Here's The Story Behind The Irish Crisis Everyone's Freaking Out About Again


While the PIIGS have largely been ignored over the past few weeks, they have resurfaced as a result of further concerns about the Irish banking system and economy.

It’s been rumoured that the ECB had to step in and buy Irish debt in an effort to shore up the country’s fiscal position. Ireland’s borrowing costs are rising as the country seeks more cash to contribute to its banking bailout.

But the story of Ireland’s debt crisis is much longer than this, and mimics that of the U.S.

The Celtic Tiger Stops Roaring

The Celtic Tiger was the phrase most associated with Ireland since the 1990s, describing its dramatic growth from one of Europe's poorest states to one of its richest.

The boom was based upon some solid fundamentals, but also a property and credit boom similar to the U.S.

Property Market Collapse

Ireland's property boom was at the heart of the Celtic Tiger phenomenon, and when it bust it brought much of the previous decade's economic growth with it, including several of the country's biggest banks.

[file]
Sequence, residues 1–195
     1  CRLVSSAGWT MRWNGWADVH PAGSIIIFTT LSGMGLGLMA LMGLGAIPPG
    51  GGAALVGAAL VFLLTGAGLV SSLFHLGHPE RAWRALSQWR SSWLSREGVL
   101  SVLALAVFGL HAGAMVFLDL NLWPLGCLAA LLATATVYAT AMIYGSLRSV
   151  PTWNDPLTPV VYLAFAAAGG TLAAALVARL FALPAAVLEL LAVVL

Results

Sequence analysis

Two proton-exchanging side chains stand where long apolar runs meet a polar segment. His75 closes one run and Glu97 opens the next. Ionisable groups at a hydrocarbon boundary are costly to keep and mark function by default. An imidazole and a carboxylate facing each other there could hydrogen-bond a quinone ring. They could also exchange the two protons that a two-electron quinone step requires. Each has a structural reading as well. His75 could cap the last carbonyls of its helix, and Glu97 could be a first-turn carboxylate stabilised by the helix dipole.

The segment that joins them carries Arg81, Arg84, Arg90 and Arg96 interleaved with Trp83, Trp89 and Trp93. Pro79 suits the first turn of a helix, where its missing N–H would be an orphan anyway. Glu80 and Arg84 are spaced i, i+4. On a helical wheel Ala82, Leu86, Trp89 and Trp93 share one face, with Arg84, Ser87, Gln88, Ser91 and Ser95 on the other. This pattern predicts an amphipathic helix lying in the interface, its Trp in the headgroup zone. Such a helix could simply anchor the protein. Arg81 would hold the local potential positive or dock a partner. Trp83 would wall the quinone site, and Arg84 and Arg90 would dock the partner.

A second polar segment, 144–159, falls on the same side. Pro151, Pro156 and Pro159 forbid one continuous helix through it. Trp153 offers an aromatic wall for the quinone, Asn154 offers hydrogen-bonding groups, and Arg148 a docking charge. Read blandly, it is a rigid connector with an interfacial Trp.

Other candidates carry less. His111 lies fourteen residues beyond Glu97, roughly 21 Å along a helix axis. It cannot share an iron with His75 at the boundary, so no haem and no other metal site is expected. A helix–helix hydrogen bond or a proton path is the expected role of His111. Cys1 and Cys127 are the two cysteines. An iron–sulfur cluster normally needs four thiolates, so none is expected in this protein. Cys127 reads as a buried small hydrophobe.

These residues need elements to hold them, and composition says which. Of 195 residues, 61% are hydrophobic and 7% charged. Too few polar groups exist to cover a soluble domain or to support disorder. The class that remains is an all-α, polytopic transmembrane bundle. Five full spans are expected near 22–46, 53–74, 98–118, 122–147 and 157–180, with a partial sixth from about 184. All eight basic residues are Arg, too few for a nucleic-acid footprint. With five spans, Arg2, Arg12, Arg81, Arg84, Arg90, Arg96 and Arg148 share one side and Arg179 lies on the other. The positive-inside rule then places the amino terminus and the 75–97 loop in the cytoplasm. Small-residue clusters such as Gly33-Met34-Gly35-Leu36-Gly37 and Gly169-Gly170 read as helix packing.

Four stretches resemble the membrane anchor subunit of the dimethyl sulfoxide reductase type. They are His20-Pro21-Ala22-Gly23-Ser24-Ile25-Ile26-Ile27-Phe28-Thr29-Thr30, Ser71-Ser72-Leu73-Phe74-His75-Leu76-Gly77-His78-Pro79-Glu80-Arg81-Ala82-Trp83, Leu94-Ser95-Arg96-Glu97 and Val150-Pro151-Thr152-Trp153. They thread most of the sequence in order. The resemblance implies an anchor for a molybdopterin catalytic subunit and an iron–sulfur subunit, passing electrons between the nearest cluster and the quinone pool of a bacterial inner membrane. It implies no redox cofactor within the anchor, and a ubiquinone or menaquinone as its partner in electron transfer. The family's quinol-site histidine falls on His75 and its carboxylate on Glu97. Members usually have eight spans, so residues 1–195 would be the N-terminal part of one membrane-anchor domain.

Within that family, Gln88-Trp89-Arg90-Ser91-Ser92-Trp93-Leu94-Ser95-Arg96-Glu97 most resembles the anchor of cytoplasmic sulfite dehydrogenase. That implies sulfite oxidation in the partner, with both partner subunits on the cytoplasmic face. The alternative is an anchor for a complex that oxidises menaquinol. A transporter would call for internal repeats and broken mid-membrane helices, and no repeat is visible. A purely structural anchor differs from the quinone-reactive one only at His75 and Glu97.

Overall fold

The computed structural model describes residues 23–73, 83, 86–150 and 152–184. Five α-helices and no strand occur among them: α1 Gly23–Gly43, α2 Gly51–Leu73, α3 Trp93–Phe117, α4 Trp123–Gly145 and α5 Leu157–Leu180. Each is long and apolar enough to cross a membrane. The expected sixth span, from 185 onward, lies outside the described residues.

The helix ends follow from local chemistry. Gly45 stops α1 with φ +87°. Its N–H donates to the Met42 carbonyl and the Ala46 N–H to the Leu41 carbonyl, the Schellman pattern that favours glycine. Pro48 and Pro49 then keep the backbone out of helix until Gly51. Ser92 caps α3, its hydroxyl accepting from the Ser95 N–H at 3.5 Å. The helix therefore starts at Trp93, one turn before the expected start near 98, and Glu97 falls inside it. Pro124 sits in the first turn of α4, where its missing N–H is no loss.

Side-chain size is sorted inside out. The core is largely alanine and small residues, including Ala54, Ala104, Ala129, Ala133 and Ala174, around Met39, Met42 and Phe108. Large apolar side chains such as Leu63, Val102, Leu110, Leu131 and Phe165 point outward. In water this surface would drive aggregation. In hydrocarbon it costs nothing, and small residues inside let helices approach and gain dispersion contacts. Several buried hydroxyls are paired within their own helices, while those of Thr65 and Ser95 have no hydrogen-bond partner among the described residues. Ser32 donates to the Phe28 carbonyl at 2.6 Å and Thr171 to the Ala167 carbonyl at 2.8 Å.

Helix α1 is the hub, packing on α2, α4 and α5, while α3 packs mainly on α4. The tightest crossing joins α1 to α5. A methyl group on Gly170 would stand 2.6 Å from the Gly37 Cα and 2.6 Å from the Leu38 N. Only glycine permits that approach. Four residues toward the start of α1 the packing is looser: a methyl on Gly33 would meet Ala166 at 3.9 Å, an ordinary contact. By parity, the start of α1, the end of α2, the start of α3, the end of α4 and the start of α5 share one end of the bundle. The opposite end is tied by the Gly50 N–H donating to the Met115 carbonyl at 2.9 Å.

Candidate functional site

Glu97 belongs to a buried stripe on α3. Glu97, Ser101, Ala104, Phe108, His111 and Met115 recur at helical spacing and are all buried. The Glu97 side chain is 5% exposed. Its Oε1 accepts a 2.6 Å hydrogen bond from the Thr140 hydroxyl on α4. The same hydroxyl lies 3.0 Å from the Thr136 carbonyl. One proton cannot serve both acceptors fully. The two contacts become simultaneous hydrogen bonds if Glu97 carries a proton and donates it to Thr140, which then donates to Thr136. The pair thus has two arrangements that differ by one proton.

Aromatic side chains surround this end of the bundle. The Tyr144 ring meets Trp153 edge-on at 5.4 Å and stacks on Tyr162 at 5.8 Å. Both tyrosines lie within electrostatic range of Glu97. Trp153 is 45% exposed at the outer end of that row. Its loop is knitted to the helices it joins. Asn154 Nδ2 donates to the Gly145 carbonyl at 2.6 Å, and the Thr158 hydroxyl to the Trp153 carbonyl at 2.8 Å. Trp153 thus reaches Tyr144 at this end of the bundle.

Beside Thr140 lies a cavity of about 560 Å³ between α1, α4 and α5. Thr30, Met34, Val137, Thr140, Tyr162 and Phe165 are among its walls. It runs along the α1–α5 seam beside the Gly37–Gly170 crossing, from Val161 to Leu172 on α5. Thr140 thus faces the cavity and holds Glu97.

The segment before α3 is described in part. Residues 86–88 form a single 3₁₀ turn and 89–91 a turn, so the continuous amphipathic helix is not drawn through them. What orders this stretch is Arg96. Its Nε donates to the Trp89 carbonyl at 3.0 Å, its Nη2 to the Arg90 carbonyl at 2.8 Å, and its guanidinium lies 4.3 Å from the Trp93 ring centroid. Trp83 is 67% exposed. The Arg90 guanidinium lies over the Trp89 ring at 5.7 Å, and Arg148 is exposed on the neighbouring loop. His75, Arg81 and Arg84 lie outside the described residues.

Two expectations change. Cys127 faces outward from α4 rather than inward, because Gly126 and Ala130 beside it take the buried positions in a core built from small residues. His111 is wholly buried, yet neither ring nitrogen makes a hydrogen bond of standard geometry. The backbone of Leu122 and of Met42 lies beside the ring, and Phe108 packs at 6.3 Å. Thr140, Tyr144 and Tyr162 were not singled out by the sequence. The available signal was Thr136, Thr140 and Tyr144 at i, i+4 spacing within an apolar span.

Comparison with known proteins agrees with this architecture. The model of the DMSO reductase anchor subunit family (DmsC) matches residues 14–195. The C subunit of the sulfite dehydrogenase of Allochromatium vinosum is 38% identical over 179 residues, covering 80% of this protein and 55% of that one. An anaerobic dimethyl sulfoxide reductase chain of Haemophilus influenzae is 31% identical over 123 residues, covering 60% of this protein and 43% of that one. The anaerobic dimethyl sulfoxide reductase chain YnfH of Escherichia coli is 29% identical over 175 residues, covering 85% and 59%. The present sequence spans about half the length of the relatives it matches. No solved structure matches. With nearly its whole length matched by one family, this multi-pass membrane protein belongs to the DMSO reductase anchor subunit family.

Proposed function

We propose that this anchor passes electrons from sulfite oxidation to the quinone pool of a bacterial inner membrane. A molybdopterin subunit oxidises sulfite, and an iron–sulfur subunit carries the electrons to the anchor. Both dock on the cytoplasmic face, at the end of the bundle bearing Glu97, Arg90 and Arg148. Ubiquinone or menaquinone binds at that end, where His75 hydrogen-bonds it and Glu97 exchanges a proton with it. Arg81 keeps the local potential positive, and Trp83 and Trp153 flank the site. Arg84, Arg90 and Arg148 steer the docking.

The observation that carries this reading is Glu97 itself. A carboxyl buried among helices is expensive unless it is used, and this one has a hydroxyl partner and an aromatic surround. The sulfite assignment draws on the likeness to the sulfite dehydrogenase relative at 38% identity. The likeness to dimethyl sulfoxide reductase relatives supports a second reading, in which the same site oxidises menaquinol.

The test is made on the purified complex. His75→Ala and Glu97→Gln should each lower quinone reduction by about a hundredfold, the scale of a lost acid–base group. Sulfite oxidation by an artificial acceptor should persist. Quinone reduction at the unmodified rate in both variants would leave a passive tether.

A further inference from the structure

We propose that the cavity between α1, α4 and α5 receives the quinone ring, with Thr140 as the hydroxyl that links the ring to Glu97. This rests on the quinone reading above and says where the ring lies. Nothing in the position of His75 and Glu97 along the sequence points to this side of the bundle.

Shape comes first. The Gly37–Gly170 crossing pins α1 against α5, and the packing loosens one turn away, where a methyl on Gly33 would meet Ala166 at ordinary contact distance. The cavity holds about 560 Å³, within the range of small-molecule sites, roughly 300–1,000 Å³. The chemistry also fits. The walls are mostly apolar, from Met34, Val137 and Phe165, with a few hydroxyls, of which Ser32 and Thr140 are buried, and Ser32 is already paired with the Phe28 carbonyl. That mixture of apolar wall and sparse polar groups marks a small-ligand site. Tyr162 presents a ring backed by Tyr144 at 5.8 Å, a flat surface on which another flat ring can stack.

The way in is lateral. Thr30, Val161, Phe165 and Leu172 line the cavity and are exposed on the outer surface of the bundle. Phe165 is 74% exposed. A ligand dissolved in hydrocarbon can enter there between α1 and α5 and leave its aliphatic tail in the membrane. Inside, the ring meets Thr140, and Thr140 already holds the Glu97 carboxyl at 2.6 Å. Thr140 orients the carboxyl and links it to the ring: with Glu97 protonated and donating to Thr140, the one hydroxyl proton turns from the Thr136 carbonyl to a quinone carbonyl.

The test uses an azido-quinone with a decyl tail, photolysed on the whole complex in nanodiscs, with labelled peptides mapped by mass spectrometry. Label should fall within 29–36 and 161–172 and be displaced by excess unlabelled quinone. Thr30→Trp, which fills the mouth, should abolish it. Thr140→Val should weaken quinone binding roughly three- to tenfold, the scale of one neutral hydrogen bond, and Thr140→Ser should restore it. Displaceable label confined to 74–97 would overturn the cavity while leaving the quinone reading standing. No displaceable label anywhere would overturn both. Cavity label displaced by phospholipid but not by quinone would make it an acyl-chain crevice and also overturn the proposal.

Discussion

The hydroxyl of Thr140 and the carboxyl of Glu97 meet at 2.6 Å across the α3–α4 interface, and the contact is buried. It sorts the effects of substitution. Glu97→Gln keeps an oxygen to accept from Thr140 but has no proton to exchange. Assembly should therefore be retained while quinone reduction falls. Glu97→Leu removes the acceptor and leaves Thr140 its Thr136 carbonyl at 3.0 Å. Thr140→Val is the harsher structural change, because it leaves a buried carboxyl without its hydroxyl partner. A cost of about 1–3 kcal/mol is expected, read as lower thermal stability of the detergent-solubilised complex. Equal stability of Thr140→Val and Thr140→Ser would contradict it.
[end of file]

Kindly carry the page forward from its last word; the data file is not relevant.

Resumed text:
Dublin: Boom To Bust

Dublin saw itself fall from Dubai on the Liffey levels back to Earth as massive projects like the 'U2 Tower' were canceled.

Photo: Overseas Property Mall

Recapitalization of Many Irish Banks

Ireland had to recapitalize its banking sector as a result of bad loans and property deals on their books. The consequences are still being felt, and the National Asset Management Agency is continuing to funnel money into the system.

Anglo-Irish Bank

Status: State Owned

Current Cost to Irish State: €12.3 Billion

The Irish state's commitment to Anglo-Irish bank looks likely to be a 10 year affair.

Bank of Ireland

Status: State supported

Current Cost to Irish State: State continues to own €1.8 billion in shares

The Bank of Ireland intends to move away from government support in the next three years.

Allied Irish Bank

Status: State sponsored (State owns 18.6%)

Current Cost to Irish State: €3.5 billion in government recapitalization

Allied Irish Bank is currently attempting to sell off its Polish division in an effort to raise capital.

Irish Depression

Ireland fell officially into a depression in 2009, with at least a 10% drop in GDP from its previous heights.

Ireland left its recession only in June of 2010.

Bulldozing Vacant Homes

The National Asset Management Agency intends to buy up large quantities of finished and unfinished sites and bulldoze them to stabilise demand in the property marketplace.

Photo: Ireland After NAMA

The Irish Austerity Budget

The Irish austerity budget made severe cuts to public services across Ireland in an effort to reduce the deficit as a percentage of GDP and increase confidence in Irish sovereign debt. Welfare payments were slashed 4.1% and the total budget was cut 8.8%.

Picture: The Gulf Scream

Now Check Out How The U.S. Government Would Look Under An Austerity Budget

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